5. “At the End of Daybreak” (Ho Yuhang, Malaysia/Hong Kong/South Korea)
Ho’s depiction of youthful restlessness and anomie takes the premise of a young man getting his underage girlfriend pregnant and invests it with a moody, noir-like atmosphere, reflecting the fractured psyches of its characters. This is a film as mournful as it is beautiful.
6. “Karaoke” (Chris Chong Chan Fui, Malaysia)
The prodigal son at the center of this film learns the painful truth of the adage that you can’t go home again, returning home to a resentful mother and a place much changed from when he left it. Contrasting the cheesy romantic karaoke videos that play constantly at the bar owned by the young man’s mother with the much more complicated realities the characters live in, Chong’s debut feature forms a complex and emotionally resonant tapestry in a mere 75 minutes.
7. “Like You Know It All” (Hong Sang-soo, South Korea)
Once again, it’s more of the same from Korea’s most fascinating and idiosyncratic auteur. As in all his other films, repeated words, character traits, and narrative details illuminate Hong’s depictions of the contentious relations between boorish, immature men and their long-suffering, and much more stable and emotionally intelligent, women companions and lovers. Cinematically speaking, Hong keeps a very small garden, but he tends to it impeccably.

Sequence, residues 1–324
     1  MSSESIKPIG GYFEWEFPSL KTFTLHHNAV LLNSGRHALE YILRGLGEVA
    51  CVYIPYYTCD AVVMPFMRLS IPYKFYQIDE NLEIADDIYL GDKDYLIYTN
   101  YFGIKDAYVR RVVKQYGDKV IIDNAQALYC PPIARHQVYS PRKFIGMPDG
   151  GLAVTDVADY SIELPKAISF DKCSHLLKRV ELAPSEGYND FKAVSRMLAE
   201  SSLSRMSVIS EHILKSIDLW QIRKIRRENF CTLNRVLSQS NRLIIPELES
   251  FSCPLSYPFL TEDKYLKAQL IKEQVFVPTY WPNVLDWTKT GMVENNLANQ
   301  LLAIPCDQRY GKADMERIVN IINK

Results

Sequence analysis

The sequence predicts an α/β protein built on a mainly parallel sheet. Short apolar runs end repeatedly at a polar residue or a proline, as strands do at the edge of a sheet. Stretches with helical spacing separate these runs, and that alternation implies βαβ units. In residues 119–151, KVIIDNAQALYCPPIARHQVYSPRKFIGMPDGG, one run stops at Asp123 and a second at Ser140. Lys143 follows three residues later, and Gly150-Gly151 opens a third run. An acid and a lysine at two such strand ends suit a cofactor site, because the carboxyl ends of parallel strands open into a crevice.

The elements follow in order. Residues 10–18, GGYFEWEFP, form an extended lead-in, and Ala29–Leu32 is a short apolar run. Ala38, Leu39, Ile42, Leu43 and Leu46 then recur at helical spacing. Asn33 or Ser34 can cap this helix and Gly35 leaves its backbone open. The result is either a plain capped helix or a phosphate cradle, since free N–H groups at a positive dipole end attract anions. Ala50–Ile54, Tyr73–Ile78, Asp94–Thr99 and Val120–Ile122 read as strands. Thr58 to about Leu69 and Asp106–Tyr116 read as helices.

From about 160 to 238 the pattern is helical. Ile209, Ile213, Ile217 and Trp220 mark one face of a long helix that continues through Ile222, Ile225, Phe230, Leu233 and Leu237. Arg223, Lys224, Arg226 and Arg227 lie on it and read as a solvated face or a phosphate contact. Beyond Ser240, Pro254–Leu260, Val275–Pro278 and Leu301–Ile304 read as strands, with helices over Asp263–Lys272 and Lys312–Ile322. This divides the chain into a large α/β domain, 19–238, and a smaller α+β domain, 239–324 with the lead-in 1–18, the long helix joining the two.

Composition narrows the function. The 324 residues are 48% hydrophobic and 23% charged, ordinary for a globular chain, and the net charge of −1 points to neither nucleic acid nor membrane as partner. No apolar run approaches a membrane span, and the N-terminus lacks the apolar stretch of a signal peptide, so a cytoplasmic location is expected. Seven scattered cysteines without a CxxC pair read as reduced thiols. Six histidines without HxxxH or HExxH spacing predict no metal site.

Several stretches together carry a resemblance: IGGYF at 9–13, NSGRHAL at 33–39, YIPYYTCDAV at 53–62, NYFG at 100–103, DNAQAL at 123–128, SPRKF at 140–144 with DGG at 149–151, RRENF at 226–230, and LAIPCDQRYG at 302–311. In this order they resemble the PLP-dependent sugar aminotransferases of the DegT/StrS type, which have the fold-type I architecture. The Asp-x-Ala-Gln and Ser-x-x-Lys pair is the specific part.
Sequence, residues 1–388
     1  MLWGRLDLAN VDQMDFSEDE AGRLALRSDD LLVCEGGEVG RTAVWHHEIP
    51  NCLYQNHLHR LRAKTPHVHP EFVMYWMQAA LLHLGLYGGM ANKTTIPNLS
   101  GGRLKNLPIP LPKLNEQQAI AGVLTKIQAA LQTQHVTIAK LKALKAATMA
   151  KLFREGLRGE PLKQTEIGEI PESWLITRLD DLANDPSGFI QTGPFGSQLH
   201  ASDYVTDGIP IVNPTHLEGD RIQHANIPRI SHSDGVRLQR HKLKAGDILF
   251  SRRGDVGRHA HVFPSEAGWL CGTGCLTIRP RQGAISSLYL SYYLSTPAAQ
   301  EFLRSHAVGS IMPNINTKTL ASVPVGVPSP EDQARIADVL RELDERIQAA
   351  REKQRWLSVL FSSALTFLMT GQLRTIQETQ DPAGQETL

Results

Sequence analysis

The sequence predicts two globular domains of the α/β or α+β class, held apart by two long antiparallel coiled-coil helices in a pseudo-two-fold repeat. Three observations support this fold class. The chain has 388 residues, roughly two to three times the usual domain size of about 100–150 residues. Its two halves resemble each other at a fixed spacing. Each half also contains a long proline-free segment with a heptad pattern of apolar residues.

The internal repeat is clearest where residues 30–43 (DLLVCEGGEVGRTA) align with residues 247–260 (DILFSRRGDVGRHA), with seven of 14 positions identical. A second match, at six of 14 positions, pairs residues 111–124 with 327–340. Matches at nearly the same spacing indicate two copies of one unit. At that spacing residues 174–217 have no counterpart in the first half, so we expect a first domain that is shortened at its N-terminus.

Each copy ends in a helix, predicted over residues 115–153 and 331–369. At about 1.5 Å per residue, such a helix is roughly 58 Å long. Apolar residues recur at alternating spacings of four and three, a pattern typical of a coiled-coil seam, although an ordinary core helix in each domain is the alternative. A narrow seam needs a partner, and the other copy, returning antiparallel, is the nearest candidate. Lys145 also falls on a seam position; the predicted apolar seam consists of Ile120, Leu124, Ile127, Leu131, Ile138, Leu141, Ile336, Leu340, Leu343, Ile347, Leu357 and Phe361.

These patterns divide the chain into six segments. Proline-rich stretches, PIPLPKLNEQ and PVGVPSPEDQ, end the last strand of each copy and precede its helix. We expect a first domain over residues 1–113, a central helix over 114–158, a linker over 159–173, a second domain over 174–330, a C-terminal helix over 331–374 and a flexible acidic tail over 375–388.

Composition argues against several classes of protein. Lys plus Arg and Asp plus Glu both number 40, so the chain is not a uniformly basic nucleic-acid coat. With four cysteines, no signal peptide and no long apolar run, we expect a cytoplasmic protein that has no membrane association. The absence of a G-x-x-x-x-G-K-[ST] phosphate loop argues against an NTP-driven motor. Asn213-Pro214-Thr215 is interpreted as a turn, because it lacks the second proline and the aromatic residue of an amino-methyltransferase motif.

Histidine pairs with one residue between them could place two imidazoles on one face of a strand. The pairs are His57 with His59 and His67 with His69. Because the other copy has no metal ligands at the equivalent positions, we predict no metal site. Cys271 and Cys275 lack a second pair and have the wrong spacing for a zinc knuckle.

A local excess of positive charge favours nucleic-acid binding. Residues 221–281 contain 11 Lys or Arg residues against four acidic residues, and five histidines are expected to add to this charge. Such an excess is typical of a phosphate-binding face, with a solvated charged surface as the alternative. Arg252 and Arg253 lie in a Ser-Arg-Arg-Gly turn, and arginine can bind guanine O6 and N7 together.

8. “Nymph” (Pen-ek Ratanaruang, Thailand)
This creepy and ethereal film centers on a mysterious forest, and a photographer and his wife who ill-advisedly venture deep within it, and who both emerge deeply and irrevocably changed. A beautiful, quietly disturbing, and distinctly Thai rumination on the spirits that live among us.
9. “Lola” (Brillante Mendoza, Philippines/France)
A story of two grandmothers (or “Lolas” in Tagalog parlance), one whose grandson was murdered in a robbery, the other the grandmother of the perpetrator. The film is anchored by two mesmerizing performances by veteran actresses Anita Linda and Rustica Carpio, and Mendoza’s restless camerawork offers a vividly panoramic portrait of the harsh and violent lives of the poorer denizens of Manila.
10. “Once Upon a Time Proletarian” (Xiaolu Guo, China)/”She, A Chinese” (Xiaolu Guo, UK/France/Germany)
Novelist, filmmaker, and self-described “village punk” Guo delivered a potent one-two punch at this year’s PIFF – two irreverent portraits, one documentary and the other fictional – of her native China. “Proletarian” features 12 ordinary Chinese citizens’ remarkably candid opinions of the state of their country, while “She, A Chinese” follows a young woman with incurable wanderlust as she travels from her dead-end Chinese village to the promised land of England. Whether she uses the medium of film or literature, Guo is a provocative and challenging artist dedicated to not simply transcending, but obliterating national and cultural borders.